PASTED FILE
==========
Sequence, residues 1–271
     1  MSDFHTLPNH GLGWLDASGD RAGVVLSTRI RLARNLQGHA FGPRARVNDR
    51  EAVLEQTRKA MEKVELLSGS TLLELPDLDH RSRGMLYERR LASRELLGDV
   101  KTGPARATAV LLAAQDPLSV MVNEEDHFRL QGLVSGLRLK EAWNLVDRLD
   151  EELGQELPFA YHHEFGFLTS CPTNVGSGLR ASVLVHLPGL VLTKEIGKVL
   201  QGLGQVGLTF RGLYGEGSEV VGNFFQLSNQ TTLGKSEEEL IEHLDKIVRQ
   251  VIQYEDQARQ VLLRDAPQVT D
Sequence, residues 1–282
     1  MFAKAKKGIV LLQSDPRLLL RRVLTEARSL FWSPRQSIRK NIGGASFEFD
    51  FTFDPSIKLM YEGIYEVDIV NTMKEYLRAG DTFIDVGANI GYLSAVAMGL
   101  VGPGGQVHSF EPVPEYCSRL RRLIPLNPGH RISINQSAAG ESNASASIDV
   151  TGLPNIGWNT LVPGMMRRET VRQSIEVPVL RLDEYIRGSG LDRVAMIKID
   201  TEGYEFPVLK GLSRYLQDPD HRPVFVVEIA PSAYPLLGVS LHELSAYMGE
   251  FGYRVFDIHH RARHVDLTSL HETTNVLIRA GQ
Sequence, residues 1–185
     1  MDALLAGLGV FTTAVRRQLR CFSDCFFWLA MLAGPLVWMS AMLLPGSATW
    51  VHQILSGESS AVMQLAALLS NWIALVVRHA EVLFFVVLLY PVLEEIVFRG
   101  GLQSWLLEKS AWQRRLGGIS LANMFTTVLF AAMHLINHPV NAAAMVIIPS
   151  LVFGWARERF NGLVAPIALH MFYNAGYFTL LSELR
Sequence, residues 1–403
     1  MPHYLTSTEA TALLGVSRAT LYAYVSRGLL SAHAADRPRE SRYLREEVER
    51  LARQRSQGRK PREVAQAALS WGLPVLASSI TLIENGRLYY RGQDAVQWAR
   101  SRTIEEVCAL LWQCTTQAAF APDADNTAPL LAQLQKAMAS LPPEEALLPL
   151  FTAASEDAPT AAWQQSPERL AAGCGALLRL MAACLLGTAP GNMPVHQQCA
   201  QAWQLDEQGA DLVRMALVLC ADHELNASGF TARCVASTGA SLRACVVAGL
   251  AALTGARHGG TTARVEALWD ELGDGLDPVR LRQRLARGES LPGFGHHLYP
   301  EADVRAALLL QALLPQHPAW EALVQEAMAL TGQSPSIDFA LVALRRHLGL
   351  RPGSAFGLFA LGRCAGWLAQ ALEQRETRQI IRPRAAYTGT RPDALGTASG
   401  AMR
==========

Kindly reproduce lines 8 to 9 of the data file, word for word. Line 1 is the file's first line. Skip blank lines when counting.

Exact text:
Sequence, residues 1–282
     1  MFAKAKKGIV LLQSDPRLLL RRVLTEARSL FWSPRQSIRK NIGGASFEFD